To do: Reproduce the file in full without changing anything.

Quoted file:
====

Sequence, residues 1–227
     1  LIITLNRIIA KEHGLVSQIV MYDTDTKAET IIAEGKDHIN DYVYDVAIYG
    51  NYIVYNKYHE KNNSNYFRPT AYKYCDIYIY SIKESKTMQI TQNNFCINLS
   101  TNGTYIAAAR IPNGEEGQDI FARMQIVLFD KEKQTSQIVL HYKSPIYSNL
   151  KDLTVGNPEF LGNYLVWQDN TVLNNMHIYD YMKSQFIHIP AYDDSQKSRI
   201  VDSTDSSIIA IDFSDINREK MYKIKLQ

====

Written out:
Sequence, residues 1–227
     1  LIITLNRIIA KEHGLVSQIV MYDTDTKAET IIAEGKDHIN DYVYDVAIYG
    51  NYIVYNKYHE KNNSNYFRPT AYKYCDIYIY SIKESKTMQI TQNNFCINLS
   101  TNGTYIAAAR IPNGEEGQDI FARMQIVLFD KEKQTSQIVL HYKSPIYSNL
   151  KDLTVGNPEF LGNYLVWQDN TVLNNMHIYD YMKSQFIHIP AYDDSQKSRI
   201  VDSTDSSIIA IDFSDINREK MYKIKLQ